Harmony Gold’s Tshepong mine in the Free State has retrofitted its 25-year old chillers with York equipment. The initiative, which saw the replacement of major components and a switch to the use of an ozone friendly refrigerant, has improved performance of the chillers significantly. This has increased energy efficiencies and assisted the mine to reliably reach the needed cooling capacity, which has delivered improved working conditions and increased productivity.
Tshepong is one of Harmony’s largest operations; it has a single vertical shaft extending to a depth of 2,161 metres. The mine undertakes conventional undercut mining, where ore is transported to the Harmony 1 plant, 23 kilometres away. The mine employs approximately 5,000 people. The three chillers at the Tshepong surface plant deliver 10.2 MW of cooling each, supplying 300 litres per second of water at three degrees Celsius to cool the underground workings of the shaft.
Tom Smith, chief operating officer at Harmony Gold South Africa explains, “Our 25-year old chillers were nearing end of life and we faced a number of challenges. The equipment was not functioning efficiently, parts were hard to get, and we were experiencing a lot of breakdowns. With insufficient cooling in the mine, working conditions are not optimal, affecting workers’ outputs and impacting production schedules.”
Johnson Controls proposed overhauling the existing chillers, stripping out the failing components and replacing them with newer technology that would improve performance and help the mining operation achieve specified cooling requirements. As the chillers were running on refrigerant R22, an a hydrochlorofluorocarbon (HCFC) refrigerant that is in the process of being phased out due to its ozone depletion potential, Johnson Controls also proposed the use of the more eco-friendly R134a refrigerant.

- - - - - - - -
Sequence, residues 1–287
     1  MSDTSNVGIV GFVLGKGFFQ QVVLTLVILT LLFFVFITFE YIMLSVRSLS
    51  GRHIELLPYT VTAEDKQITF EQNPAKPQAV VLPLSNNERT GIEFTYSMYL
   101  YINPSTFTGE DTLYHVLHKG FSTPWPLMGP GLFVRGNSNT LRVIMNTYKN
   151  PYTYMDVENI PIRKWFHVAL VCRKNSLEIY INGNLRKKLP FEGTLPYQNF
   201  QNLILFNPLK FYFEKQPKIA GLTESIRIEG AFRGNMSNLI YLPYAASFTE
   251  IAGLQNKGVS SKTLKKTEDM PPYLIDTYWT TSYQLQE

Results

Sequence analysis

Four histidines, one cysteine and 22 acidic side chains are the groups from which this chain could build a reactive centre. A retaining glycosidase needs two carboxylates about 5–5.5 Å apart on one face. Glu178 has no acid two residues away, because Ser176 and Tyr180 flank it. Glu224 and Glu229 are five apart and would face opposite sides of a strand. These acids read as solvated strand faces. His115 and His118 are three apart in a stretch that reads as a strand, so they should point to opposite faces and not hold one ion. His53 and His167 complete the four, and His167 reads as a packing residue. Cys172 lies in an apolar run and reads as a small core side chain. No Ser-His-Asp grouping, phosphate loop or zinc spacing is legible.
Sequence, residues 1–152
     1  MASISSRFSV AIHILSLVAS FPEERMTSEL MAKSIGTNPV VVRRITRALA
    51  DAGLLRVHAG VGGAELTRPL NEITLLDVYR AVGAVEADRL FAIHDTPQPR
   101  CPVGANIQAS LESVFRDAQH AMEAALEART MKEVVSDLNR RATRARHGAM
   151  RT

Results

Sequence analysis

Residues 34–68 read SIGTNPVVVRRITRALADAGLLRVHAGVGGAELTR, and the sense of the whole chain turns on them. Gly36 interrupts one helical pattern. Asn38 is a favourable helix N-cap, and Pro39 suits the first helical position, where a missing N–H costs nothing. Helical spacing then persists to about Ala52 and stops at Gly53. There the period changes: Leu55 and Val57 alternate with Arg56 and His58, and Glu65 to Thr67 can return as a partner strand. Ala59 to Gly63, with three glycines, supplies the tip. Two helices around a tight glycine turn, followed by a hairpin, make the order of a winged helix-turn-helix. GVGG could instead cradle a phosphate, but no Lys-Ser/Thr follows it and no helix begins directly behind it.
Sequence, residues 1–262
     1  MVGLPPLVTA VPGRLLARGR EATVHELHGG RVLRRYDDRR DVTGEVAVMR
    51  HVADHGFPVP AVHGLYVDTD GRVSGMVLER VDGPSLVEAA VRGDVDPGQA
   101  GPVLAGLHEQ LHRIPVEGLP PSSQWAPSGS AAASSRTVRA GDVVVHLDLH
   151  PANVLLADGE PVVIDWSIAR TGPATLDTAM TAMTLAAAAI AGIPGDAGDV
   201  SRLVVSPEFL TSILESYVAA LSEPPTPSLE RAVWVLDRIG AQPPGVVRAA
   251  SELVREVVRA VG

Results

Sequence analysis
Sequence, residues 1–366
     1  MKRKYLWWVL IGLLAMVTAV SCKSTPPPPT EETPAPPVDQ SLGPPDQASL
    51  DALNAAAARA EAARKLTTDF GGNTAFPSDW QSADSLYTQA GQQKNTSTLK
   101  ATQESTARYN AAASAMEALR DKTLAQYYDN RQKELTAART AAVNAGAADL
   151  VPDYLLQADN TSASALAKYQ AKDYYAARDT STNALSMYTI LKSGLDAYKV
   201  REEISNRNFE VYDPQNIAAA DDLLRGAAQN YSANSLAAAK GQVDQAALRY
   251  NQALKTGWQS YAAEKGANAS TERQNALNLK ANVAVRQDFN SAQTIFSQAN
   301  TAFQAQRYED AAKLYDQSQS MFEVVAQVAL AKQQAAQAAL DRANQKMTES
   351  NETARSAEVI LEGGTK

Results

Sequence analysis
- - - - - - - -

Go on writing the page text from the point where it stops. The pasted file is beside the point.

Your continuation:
The job entailed the removal of the existing drivetrain (compressor, speed increaser and motor) on each chiller. These were replaced with a new compressor with an integral speed increaser and a two-pole motor designed for the new R134a refrigerant. Refrigerant pipework had to be altered to accommodate the new compressor and the system had to be cleaned and all traces of mineral oil removed.
“We are very pleased with the outcome. The retrofit has improved cooling performance measurably – and it has made a major difference to the teams working underground, improving working conditions and productivity. In addition, with more efficient motors we are achieving energy savings. Due to some of the plants being switched off during winter the actual impact will only be realised in summer. Calculated savings are 8,884 MWh and calculated saving per plant 336.2 MWh per month,” Smith says.
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